This past weekend I removed the woodwork around
almost absolutely every window in my family’s house. Why you may ask? Not just on impulse; we have a local lumberyard coming to the house this week to take measurements for new windows. Probably the last big (BIG) improvement project of this year, just in time to take advantage of the Federal Tax Credit for Consumer Energy Efficiency. So much to my family’s discontent, every window in every room of the house now looks like this:
Unpainted plaster edges, exposed chicken wire ends (apparently what they used in 1955 for quick lathe), and dirty fiberglass insulation. I was actually a bit surprised to find any insulation at all; in certain rooms, the curtains move when there are strong winds. Although the chosen windows aren’t the highest efficiency models available today, they will be a drastic improvement on the existing. That being said, after getting the advice of 2 different contractors, the decision was made to go with new construction windows rather than replacement windows. In researching windows, I found that standard replacement windows are installed inside the existing window frames; only the sashes are removed and the replacement windows are custom-made to fit inside the opening.
With our home, half of the existing windows are original while the other half have been replaced at one time, though probably at least 15 years ago. The newer (I use that term loosely) windows, however, are actually a few inches smaller than the homes framed openings. That means that on either side of the windows is between a 1″ and 2″ gap, stuffed with insulation, as you can see below in this close up.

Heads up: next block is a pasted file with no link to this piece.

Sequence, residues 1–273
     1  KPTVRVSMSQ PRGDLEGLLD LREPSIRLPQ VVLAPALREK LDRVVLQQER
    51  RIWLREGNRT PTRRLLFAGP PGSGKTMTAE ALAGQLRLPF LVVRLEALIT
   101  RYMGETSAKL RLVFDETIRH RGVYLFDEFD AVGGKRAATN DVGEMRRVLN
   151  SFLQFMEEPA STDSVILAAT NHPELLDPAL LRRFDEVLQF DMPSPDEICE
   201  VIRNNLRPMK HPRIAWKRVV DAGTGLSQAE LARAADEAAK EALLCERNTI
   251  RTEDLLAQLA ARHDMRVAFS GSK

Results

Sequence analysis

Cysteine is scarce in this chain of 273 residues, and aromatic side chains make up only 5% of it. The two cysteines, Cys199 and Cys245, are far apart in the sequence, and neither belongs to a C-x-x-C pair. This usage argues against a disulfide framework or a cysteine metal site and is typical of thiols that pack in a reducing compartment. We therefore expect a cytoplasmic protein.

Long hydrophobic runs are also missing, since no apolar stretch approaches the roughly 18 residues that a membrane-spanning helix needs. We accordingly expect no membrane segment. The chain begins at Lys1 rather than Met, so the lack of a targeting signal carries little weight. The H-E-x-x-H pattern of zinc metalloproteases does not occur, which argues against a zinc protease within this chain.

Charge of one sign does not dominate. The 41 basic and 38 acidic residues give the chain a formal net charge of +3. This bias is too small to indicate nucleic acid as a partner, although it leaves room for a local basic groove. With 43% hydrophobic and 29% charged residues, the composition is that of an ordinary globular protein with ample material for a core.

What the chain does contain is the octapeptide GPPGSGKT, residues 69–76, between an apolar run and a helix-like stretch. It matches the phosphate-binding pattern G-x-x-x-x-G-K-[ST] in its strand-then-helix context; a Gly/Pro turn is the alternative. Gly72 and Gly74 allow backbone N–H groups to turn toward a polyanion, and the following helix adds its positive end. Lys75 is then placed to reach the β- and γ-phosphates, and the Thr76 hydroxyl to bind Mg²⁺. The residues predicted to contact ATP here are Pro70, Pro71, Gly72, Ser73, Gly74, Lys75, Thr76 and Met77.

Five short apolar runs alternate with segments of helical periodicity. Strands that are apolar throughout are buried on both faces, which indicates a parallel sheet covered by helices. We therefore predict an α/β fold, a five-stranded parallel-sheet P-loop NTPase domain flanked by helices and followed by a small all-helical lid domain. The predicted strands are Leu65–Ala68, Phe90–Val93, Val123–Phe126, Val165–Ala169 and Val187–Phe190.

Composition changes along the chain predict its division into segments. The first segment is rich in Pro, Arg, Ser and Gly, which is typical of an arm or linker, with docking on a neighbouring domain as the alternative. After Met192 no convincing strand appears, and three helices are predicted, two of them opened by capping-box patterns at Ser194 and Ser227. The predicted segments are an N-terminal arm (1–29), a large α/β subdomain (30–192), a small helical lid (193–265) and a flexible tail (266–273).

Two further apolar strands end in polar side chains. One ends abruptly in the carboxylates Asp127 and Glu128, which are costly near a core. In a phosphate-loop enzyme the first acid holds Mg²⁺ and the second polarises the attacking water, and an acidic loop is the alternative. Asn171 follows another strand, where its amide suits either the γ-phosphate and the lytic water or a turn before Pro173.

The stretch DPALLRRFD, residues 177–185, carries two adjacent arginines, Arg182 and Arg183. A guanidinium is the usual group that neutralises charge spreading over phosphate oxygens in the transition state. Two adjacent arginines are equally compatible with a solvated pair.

Also, when the “newer” windows were trimmed out with woodwork, wall base molding was used to hide the large gaps since standard window trim would not have been wide enough. Not only did the wall base trim not match the woodwork around all the other windows, whoever played carpenter didn’t trim them out with window sills. So basically each of the poorly replaced windows stood out because they were trimmed to look like a 4″ wide photo frame. I understand that new construction windows will be a little more work than replacement windows, but when do I ever back down from a challenge? In the words of a contractor friend, “if it were my house, I would do it the right way.” Ok; new construction windows then. Enough said.
Now onto the windows that were chosen for this 1955 ranch home. We took many factors into consideration (including material, glazing type, warranty, and finish) and got price quotes from several different companies. The final decision was for double-hung, all vinyl construction, double pane, argon filled low E insulated glass, white interior and exterior. All the homes windows are originally double hung, but in wood. The price jump for wood windows was just not an option for this small of a ranch house, plus I know how low maintenance vinyl will be for the life of the home. Another driving factor was to purchase the windows locally. Although the windows themselves are manufactured in Oregon, our local lumberyard is a certified dealer. They measure, give quotes, deliver, and will even install them if you want that service. We are going to install them ourselves to save that much more. After all, what kind of DIY enthusiast would I be if I sat back and allowed someone else to install my family’s windows?